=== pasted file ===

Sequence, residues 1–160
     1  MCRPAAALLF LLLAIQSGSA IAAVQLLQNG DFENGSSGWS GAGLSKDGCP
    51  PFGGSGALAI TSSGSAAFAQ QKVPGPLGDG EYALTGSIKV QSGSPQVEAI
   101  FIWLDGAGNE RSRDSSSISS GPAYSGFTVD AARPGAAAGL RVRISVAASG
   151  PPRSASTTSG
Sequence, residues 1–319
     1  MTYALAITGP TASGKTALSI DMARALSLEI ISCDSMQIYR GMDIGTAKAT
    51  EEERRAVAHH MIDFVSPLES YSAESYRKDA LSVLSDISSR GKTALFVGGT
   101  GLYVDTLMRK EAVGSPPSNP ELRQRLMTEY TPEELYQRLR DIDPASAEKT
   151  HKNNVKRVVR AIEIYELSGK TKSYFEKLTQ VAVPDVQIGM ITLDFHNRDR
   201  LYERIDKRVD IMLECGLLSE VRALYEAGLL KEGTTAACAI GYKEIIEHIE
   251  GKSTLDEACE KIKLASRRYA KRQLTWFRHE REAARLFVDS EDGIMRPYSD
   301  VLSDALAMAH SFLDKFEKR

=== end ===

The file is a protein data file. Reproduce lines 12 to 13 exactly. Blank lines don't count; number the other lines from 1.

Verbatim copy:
   251  GKSTLDEACE KIKLASRRYA KRQLTWFRHE REAARLFVDS EDGIMRPYSD
   301  VLSDALAMAH SFLDKFEKR